Introduction

three canadian artworks This poster for a short film shows a worker cranking a machine. The film’s title, The Labour Front, is written in white capital letters in the lower half of the poster, beneath the image. In this black-and-white photograph, a dancer in a sleeveless dress is performing a choreography on a riverbank, barefoot in the sand. Her legs are spread and her arms are raised wide, making her body form an “X.” Tall trees rise in a winter landscape. The light mottles the snow with bluish and yellowish highlights. Seen from a distance, a man with a whip is urging on a draft animal pulling a load of logs.

The virtual exhibition 150 Years | 150 Works: Canadian Art as Historical Act presents art as an integral part of Canada’s social and political history.

It looks at Canada through works that have in some way shaped or changed the country’s history over the past century and a half.

Most but not all of the works in this panorama are presented according to their year of production: here and there, diverging from chronological order serves to recast historical relationships and challenge traditional perceptions.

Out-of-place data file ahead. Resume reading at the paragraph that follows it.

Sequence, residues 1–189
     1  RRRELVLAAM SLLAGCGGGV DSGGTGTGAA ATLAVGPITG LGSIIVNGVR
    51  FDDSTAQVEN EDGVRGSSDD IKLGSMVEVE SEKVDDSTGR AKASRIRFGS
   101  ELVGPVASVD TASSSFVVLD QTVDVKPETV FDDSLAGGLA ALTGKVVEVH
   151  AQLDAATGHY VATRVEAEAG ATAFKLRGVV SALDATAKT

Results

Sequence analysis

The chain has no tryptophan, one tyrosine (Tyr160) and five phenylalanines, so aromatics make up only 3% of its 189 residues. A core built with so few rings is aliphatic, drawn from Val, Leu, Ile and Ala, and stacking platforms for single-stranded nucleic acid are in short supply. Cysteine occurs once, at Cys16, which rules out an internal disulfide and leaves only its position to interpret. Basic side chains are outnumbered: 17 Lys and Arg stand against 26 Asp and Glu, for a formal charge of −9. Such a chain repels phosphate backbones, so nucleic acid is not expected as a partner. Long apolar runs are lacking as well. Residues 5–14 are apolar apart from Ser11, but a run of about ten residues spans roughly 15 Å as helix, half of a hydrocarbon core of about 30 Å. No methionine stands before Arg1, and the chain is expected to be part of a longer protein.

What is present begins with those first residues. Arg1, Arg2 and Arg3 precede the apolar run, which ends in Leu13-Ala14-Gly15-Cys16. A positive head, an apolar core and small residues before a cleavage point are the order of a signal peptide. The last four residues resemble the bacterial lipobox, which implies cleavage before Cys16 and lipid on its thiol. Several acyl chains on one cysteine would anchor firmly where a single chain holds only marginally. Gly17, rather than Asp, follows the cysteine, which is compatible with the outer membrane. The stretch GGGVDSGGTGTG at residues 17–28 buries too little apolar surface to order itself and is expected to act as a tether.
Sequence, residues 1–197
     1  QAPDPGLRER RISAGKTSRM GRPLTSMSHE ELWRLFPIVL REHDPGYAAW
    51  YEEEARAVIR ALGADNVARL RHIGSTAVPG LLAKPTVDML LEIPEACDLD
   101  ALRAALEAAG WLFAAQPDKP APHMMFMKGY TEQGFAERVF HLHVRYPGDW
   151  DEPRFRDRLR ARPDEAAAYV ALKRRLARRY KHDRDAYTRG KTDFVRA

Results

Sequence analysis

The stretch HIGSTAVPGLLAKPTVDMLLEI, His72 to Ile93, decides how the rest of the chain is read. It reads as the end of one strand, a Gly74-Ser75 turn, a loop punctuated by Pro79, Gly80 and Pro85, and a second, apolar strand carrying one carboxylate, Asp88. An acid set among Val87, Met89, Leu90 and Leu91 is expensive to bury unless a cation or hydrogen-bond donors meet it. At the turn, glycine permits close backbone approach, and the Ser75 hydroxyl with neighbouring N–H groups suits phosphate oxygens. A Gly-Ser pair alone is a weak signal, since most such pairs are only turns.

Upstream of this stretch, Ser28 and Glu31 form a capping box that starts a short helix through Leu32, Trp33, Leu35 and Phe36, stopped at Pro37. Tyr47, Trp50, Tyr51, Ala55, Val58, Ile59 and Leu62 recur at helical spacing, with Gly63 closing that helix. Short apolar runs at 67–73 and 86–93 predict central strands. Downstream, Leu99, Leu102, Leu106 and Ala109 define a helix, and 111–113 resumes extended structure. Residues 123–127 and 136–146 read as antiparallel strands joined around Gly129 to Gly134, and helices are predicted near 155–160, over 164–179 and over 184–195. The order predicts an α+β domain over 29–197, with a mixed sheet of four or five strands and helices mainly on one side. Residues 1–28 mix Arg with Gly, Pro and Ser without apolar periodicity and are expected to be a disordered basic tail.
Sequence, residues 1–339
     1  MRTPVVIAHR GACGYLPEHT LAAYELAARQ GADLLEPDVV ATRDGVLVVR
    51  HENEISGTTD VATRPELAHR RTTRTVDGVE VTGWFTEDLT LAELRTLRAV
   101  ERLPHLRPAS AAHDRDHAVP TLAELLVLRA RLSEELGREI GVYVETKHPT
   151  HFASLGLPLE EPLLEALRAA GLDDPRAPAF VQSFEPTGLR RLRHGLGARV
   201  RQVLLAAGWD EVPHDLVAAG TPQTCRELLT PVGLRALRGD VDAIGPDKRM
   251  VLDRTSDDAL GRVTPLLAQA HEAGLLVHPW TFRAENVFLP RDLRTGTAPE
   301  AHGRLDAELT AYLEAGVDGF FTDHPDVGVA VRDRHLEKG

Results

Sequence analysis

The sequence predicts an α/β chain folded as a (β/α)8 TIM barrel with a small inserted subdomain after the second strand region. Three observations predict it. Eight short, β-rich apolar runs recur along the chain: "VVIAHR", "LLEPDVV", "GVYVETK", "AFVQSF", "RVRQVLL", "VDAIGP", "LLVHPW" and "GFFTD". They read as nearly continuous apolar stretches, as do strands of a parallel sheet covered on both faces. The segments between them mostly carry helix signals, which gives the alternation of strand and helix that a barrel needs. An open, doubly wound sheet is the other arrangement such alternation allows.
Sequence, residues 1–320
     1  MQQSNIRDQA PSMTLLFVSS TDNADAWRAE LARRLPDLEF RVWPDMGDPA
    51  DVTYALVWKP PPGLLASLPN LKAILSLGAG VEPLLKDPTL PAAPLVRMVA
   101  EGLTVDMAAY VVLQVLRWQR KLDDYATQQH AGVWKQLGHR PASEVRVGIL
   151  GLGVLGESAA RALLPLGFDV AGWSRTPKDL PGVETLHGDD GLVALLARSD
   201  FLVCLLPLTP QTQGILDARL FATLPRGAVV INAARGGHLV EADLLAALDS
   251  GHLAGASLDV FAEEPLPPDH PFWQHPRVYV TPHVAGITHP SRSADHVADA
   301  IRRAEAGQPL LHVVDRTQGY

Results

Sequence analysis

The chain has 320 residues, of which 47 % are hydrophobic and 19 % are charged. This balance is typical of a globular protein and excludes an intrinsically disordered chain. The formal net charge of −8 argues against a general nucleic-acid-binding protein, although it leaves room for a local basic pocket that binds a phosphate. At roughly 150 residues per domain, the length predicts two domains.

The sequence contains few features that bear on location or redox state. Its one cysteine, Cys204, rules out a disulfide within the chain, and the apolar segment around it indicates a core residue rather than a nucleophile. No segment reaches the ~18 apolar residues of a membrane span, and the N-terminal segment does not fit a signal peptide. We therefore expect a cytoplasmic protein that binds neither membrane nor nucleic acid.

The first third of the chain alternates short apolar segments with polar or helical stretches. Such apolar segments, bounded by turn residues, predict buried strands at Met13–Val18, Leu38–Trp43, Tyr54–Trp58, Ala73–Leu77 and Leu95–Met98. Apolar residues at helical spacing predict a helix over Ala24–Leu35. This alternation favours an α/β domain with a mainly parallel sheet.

Drawn from the collections of major museums, university galleries and private collections, the exhibited works include both well-known icons and little-known surprises. Brief texts discuss each one and interpret the context in which it was madeSupplemental descriptions and images provide a deeper understanding in some cases.

A Few Ways to Explore the Exhibition

You can visit the exhibition by following a timeline of Canadian history or by randomly browsing a mosaic of images that often leads to unexpected juxtapositions.

You can also follow the threads suggested by four categories: representing history, making history, expanding history and reopening history.

Being open-ended, these categories foster exploration of and reflection on Canadian art as historical act.

Use this interactive exhibition to establish your own take on history by selecting works that pique your interest or your curiosity. Then reshape history from your own perspective.